WASHINGTON -- To civil libertarians and Internet service providers, a device created by the FBI to snoop through e-mail messages is as ominous as its name: "Carnivore."
Attached to an ISP's server, the contraption sifts through countless e-mail messages and copies specific information for federal agents seeking suspected criminals, including terrorists and child pornographers.
But critics say that, in the process of sifting out communications from its targets, Carnivore is also capable of retrieving the private messages of innocent people.
"This is a very dangerous device," said Barry Steinhardt, associate director of the American Civil Liberties Union. "It's unprecedented. It's the first time law enforcement has carte blanche access to the entire service provider's network."
The controversy surrounding the device with the foreboding name has caught the attention of Republican lawmakers, and a House Judiciary subcommittee is scheduled to hold a hearing on the matter today. Opponents and authorities who support the use of Carnivore are scheduled to testify.
After the system was disclosed in recent news accounts, sparking criticism from privacy advocates, FBI officials met with lawmakers and reporters to try to show that Carnivore is not nearly as intrusive as some fear.
For one thing, FBI officials said, they need the device to combat crime and threats to national security. They describe Carnivore as a "surgical" tool that would protect ordinary people from unintended searches.
"There are filtering mechanisms built in that limit the amount of information viewable to the human eye," said Paul Bresson, a spokesman for the bureau. "It ensures that only the exact communications authorized by a court are what we intercept."
For decades, federal agents and local police have been wiretapping suspects' phones after obtaining permission from judges. But those wiretaps are limited to a specific suspect and do not comb through phone calls at random.
Carnivore works much differently, though authorities still must obtain permission from a judge to scour e-mail messages or discover which Web pages a suspect visits.
Once they have court approval, agents attach the Carnivore device -- an ordinary-looking desktop computer -- to the ISP's main computer, and Carnivore "passively" sniffs through streams of data, FBI officials said.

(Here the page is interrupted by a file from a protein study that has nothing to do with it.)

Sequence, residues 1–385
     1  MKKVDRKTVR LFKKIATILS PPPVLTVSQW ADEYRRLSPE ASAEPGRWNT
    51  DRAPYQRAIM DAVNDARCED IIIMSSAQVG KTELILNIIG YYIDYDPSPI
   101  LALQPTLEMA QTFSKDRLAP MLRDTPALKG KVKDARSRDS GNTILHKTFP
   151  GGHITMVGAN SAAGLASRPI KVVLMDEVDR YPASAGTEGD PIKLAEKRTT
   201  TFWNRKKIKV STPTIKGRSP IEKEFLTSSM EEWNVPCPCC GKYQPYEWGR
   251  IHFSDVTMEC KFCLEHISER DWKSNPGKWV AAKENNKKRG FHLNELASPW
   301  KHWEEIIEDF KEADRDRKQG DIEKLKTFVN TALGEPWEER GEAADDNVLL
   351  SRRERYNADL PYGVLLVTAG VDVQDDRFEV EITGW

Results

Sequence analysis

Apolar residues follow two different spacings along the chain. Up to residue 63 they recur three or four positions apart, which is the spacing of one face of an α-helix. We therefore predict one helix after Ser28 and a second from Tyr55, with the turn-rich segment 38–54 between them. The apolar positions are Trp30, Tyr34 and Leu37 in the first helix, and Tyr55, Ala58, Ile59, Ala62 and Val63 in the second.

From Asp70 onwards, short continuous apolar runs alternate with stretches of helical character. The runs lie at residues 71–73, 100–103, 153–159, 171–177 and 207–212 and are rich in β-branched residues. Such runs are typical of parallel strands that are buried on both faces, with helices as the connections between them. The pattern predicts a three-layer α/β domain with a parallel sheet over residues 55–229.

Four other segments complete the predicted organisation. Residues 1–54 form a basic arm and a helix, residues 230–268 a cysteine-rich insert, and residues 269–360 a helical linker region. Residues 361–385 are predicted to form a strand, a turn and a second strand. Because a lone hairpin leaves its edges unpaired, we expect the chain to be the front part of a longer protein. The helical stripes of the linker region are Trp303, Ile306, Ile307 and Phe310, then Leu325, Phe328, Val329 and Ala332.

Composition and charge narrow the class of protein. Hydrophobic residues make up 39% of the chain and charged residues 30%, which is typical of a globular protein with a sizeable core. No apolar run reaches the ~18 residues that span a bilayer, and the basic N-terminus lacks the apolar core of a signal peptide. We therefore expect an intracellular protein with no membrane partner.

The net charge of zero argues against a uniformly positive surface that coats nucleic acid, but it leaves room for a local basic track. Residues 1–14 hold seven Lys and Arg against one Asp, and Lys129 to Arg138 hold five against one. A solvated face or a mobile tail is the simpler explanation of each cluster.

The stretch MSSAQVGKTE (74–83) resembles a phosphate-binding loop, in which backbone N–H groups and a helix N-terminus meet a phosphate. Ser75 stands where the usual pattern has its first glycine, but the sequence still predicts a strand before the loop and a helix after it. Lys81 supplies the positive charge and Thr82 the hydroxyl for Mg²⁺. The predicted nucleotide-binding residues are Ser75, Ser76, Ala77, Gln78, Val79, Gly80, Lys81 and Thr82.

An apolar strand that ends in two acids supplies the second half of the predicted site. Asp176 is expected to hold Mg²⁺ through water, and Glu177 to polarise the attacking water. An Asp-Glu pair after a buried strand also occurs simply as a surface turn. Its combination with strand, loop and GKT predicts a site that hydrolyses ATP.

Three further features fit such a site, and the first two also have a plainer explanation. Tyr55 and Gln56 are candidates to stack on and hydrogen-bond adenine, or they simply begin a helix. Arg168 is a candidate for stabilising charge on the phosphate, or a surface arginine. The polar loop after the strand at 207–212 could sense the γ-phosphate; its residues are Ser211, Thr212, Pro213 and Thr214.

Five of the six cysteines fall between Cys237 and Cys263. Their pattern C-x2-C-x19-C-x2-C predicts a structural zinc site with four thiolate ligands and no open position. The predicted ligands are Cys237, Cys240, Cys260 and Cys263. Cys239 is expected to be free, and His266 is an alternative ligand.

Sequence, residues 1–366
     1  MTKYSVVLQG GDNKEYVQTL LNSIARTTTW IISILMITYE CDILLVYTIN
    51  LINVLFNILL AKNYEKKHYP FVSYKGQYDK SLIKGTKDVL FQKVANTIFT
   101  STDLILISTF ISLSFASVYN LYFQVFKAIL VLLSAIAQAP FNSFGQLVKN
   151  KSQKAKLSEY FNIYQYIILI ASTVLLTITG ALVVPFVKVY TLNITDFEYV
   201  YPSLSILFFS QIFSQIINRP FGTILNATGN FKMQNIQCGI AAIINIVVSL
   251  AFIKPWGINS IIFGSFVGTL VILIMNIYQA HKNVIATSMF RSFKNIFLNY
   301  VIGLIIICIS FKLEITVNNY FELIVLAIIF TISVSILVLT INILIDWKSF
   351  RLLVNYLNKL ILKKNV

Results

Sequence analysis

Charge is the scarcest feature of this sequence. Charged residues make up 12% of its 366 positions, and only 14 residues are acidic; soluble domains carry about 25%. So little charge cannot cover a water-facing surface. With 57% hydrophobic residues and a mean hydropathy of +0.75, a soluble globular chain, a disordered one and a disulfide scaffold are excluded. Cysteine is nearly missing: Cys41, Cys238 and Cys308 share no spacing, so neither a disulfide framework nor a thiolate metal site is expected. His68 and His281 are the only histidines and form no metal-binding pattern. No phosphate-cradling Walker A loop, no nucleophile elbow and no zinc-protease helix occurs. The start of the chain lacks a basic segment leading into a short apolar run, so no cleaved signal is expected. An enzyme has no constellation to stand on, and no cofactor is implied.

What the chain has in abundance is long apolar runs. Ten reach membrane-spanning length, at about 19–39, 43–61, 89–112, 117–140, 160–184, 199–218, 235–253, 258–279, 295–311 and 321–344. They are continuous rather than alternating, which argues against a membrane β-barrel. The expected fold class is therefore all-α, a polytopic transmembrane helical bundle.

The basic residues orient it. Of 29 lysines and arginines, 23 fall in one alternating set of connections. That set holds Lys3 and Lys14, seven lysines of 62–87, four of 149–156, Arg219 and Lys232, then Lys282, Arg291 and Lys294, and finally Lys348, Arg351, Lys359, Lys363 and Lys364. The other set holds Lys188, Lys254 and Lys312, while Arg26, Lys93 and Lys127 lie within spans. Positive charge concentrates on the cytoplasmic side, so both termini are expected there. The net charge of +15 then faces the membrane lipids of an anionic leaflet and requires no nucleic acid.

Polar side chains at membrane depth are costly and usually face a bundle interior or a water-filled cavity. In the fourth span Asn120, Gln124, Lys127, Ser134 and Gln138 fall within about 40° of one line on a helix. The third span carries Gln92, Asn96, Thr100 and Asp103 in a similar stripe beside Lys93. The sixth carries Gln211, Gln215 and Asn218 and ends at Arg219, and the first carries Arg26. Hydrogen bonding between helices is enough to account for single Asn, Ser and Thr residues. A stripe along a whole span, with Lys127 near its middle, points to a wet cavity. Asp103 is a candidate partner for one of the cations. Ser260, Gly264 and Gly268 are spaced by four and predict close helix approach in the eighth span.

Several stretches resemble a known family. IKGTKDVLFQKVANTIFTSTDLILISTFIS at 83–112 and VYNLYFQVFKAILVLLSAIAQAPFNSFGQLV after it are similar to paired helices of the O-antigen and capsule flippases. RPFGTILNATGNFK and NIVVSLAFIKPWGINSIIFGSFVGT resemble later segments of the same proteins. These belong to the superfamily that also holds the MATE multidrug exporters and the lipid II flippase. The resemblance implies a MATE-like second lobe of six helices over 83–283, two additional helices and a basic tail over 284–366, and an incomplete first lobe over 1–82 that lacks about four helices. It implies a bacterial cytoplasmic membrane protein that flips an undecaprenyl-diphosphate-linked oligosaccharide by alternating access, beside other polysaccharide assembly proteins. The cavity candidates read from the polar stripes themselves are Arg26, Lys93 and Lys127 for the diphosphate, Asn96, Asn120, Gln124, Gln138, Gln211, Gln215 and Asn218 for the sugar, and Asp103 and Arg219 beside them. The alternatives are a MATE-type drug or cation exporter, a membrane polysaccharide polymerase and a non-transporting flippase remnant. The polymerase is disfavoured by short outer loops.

Carnivore does not read e-mail messages or their subject lines, officials said. Instead, it searches for computer codes that direct the message to and from the suspect. Nor can it scan e-mail messages for key words, like "drugs or bomb," an FBI official said.
In other words, authorities say, Carnivore acts like an FBI agent authorized to scan envelopes sent by mail. The agent seeks a particular suspect's addressing information and pulls aside any qualified envelope and opens it.
Last week, after an outcry from critics, the White House said it would propose legislation to, among other things, require agents to seek Justice Department clearance before asking judges to authorize the use of Carnivore in a specific case. Such rules already cover voice wiretaps.
But the proposal was dismissed by civil liberties groups, who said it did not go far enough in protecting electronic communication.
For their part, FBI officials say, the White House proposal is not necessary: They say they abide by the rules governing voice wiretaps to use Carnivore.
Despite the assurances of FBI officials, civil liberties groups and congressional Republicans say they are wary of the system.
"It has the capability of grabbing it all," said Richard Diamond, a spokesman for Rep. Dick Armey, the Texas Republican who is the House majority leader and a sharp critic of Carnivore. "It all depends on who pushes the button. Someone could push the wrong button and have access to all sorts of information."
FBI officials dispute that assertion, though they concede that Carnivore has sometimes captured e-mail messages and data that were not targeted in their searches. They say they sealed such information and did not read it.
Earlier this year, an ISP tried unsuccessfully to prevent FBI agents from installing Carnivore on its network. After a brief court fight, the company, Earthlink, yielded to FBI demands and helped install the device.
FBI officials say they don't mind simply asking ISPs to provide them with e-mail sent by criminal suspects if that is possible. But, in most cases, agents would rather use Carnivore because it helps maintain security for criminal evidence. And many smaller ISPs are not capable of creating programs to obtain the necessary data, FBI officials said.
Though most ISPs have complied with court orders to install Carnivore, one major provider said it would refuse.
"We're not going to stand for this," said William L. Schrader, chairman and chief executive officer of PSINet Inc. "It's insidious. If they were to ask us with a court order to violate the privacy of all our customers, we would take this to the Supreme Court."